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Woman Accidentally Used Military-Grade Chemical Weapon Instead Of Perfume

A British woman passed away after she used an object contaminated with a nerve agent from Russia. The Soviet-era agent is believed to be the same substance used to poison a former Russian spy and his daughter who lived in a nearby town in England. Investigators are trying to determine if the substances came from the same batch.

Dawn Sturgess, a 44-year-old Amesbury resident, and her partner, Charlie Rowlie, were both hospitalized after collapsing in their home last week. The couple had been suffering from unusual symptoms. The symptoms were traced back to a substance found in their home that Sturgess thought was perfume. It turned out to be military-grade nerve agent.

Sturgess passed away from the exposure. Rowlie remains in the hospital.

The same type of nerve agent was used to poison a former Russian spy Sergei Skripal and his daughter, Yulia, to just weeks ago. Yulia, a Russian citizen, was visiting her father in Salisbury in March when the two were taken ill and rushed to the hospital. They were both in critical condition for several weeks, but ultimately survived the chemical attack and were released.

The poisoning of Sturgess and Rowlie came just days after an investigation was launched into the incident on the Skripals. Sturgess and Rowlie were rushed to the same hospital where the Skripals were treated.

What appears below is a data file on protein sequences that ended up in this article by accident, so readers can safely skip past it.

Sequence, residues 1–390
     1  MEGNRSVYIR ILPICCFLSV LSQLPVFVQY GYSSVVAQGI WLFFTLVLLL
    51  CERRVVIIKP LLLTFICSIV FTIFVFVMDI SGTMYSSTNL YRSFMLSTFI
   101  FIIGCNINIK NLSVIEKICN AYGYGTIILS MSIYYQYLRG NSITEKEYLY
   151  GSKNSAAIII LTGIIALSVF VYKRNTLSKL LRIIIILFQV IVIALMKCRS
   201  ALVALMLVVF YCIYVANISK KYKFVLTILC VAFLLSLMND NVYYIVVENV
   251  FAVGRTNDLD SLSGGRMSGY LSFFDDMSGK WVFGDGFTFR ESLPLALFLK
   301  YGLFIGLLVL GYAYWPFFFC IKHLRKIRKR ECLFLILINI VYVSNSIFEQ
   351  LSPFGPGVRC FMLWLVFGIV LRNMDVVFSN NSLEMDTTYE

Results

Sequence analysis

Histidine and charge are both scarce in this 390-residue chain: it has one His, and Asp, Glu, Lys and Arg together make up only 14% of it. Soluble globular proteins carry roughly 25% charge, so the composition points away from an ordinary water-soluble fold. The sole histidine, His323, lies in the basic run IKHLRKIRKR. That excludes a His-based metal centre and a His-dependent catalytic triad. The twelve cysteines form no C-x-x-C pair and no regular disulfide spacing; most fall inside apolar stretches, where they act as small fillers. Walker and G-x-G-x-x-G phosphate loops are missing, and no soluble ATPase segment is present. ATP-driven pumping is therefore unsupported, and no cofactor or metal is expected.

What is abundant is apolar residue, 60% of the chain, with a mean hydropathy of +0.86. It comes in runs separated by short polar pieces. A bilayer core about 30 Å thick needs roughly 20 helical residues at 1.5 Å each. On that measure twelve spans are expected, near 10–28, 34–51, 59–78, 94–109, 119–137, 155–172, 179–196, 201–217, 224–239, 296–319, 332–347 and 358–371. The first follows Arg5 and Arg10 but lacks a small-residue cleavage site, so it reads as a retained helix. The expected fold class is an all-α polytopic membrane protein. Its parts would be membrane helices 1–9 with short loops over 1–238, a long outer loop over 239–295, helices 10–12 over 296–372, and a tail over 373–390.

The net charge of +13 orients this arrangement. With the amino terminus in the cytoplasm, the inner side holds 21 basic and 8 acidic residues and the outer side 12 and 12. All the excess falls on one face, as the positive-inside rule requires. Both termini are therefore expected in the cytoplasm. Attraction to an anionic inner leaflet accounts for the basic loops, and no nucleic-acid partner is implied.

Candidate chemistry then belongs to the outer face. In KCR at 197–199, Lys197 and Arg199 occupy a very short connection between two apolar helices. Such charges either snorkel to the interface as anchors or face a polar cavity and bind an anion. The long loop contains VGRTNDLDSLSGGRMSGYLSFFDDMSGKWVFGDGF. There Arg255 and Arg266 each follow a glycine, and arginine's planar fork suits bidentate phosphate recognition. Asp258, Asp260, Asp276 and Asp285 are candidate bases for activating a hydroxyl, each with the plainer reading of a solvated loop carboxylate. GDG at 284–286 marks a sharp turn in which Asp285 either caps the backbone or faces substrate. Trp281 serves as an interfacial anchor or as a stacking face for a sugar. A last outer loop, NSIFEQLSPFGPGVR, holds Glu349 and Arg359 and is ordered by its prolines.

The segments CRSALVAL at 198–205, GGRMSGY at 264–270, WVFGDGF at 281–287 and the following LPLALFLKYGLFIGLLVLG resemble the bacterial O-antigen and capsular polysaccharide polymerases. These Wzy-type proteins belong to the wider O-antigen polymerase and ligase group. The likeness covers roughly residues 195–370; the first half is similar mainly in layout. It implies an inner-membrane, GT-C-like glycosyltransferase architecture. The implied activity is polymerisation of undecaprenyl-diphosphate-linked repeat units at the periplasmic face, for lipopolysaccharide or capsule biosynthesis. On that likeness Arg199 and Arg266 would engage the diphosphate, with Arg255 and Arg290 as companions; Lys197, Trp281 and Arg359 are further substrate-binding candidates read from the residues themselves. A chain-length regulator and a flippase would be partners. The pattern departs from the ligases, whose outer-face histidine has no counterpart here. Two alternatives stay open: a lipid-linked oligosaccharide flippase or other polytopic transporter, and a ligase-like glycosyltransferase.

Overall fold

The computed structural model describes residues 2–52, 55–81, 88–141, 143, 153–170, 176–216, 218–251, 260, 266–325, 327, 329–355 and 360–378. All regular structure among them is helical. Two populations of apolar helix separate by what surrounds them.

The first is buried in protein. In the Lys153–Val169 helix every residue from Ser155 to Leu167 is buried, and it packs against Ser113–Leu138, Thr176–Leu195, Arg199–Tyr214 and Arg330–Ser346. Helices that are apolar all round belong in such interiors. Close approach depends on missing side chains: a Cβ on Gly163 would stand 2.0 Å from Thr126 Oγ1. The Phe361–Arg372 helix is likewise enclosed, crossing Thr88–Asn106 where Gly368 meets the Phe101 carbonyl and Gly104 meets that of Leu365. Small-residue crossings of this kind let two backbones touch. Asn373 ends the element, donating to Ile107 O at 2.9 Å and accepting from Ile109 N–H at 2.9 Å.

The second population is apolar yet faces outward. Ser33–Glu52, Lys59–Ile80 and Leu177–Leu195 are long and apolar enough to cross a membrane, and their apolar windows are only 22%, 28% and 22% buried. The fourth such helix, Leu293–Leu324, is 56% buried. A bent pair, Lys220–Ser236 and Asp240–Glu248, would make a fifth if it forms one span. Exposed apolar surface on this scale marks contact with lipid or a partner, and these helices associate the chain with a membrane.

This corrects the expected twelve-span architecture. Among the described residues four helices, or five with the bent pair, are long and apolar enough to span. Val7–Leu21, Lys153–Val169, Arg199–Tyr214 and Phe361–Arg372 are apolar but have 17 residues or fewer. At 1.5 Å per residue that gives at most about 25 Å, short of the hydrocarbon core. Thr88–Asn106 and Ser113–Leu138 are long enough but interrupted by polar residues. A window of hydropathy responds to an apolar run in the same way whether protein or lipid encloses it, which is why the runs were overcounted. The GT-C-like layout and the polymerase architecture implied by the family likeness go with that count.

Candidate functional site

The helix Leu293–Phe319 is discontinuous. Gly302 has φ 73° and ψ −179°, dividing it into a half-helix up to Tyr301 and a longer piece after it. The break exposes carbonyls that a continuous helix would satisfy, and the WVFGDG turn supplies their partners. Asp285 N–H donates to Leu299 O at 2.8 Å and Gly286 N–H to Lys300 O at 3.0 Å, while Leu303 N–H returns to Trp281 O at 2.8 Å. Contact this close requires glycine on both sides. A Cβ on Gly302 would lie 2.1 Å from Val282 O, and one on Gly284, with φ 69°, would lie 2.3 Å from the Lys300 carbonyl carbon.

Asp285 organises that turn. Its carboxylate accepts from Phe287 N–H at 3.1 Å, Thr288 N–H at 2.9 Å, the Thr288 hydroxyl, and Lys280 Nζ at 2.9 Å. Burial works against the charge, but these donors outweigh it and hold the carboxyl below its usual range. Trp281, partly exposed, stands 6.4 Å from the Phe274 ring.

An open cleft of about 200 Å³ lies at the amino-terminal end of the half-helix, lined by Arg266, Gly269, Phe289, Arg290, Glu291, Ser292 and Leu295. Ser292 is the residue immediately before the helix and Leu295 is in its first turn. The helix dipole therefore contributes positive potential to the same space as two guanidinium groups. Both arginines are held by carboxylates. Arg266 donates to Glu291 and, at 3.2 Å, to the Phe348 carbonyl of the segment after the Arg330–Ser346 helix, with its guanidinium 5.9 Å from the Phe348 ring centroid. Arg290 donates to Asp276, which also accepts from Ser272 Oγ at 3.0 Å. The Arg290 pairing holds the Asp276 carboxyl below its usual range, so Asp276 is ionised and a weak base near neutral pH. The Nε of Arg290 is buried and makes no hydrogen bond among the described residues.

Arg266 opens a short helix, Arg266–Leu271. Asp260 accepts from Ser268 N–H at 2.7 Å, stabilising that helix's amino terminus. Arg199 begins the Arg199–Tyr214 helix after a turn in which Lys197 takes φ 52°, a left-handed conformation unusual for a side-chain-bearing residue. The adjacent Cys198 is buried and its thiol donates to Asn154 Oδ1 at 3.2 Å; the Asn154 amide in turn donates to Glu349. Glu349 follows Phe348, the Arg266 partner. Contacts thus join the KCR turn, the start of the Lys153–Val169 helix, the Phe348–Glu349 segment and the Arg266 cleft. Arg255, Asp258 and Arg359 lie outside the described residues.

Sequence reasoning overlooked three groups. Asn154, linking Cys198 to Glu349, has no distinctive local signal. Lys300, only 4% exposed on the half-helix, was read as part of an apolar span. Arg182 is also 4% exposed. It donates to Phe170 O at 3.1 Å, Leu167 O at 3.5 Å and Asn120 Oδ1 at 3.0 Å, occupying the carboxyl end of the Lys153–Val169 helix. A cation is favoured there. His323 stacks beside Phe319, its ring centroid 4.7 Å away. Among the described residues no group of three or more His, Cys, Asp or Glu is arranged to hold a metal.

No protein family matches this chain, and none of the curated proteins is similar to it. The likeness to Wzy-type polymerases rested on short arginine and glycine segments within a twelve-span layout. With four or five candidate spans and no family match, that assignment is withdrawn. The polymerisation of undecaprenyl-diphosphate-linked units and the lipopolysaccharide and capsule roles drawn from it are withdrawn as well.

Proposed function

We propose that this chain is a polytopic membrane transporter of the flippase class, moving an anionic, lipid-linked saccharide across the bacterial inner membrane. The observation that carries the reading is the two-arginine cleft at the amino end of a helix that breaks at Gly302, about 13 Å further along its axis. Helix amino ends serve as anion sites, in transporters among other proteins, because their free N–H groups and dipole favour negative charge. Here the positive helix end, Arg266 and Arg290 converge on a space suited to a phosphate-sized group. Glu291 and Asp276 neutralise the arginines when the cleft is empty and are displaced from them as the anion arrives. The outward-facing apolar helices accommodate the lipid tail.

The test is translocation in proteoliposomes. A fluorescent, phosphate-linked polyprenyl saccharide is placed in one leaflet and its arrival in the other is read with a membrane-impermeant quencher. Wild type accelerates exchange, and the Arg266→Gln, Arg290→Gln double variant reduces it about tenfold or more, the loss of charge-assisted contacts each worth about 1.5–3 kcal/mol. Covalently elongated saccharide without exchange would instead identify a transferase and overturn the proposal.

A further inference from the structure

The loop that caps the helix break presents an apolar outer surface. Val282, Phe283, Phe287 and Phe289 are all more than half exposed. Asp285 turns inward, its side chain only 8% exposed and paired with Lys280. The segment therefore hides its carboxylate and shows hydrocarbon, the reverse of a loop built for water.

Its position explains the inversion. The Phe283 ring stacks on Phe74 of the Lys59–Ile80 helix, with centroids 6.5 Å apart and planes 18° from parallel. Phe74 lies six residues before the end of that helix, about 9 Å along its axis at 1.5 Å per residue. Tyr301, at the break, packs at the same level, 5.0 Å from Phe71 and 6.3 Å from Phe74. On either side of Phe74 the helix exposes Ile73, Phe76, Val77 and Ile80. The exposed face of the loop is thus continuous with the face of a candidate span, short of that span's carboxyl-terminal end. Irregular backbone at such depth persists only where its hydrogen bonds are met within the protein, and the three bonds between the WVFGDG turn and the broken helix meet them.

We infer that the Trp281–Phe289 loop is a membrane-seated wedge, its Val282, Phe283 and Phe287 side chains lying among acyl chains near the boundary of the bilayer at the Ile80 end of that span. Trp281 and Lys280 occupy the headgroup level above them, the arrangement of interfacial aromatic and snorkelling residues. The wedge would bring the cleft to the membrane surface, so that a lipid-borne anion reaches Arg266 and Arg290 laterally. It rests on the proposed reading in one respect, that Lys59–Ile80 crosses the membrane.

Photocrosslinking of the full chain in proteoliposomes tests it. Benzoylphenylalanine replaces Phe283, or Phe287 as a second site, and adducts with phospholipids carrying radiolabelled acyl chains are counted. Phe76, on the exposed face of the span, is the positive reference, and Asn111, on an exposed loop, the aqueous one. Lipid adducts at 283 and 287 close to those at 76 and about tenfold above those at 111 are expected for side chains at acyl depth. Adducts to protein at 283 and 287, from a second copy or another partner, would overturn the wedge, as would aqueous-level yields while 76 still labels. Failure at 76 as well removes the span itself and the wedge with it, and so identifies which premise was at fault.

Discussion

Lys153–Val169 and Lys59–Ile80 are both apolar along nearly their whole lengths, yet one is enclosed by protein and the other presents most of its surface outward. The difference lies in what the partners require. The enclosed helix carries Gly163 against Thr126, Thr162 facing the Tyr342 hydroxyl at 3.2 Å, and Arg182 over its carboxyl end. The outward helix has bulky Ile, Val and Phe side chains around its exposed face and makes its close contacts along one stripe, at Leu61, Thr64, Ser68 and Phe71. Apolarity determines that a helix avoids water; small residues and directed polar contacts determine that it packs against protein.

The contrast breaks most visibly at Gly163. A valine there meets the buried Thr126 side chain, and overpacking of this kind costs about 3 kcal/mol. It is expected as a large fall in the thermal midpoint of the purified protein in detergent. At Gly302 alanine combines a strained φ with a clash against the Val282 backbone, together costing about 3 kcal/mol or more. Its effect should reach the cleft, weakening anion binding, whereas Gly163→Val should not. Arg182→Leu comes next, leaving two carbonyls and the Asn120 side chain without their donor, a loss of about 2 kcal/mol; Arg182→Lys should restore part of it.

Novichok, the agent in question, was developed by the Soviet Union between 1971 and 1993. The agent is touted as the deadliest nerve chemical ever created, and were adapted for military use. Four laboratories has thus far confirmed that it was the substance used to poison Skripal and his daughter.

Experts on chemical warfare have been ordered to work with Metropolitan Police in Britain to investigate the scene and search for any other traces of the nerve agent. In addition to the home of the victims, the local pub and restaurant they visited before falling ill have been investigated. Investigators have recovered a vehicle that has been connected to the poisoning and removed it.

"Either this was a direct act by the Russian State against our country. Or the Russian government lost control of this potentially catastrophically damaging nerve agent and allowed it to get into the hands of others," said Prime Minister Theresa May in a statement.

The poisoning was declared a major incident, and Britain has launched an investigation. The incident has been the cause of some diplomatic unrest with Russia. The U.K. expelled some 23 Russian diplomats. Russian diplomats are also being expelled from some 20 other countries, including the U.S.

Russia is protesting the expulsions, claiming that the country was not behind the use of the nerve gas. Russia has accused Britain of being behind the attack.

Thus far, authorities do not believe Sturgess or Rowlie were targeted, as neither British national has a background in the military or ties to Russia. It is unclear yet as to how the couple came by the nerve agent. Rowlie’s brother Matthew said that Charlie had purchased what he thought was a perfume bottle.

Police have identified several possible suspects in the poisoning by checking surveillance footage and records.
Source: CNN
Photos: Wikimedia Commons/ Chris Talbot, Flickr/ eivindtjohei, U.S. Army

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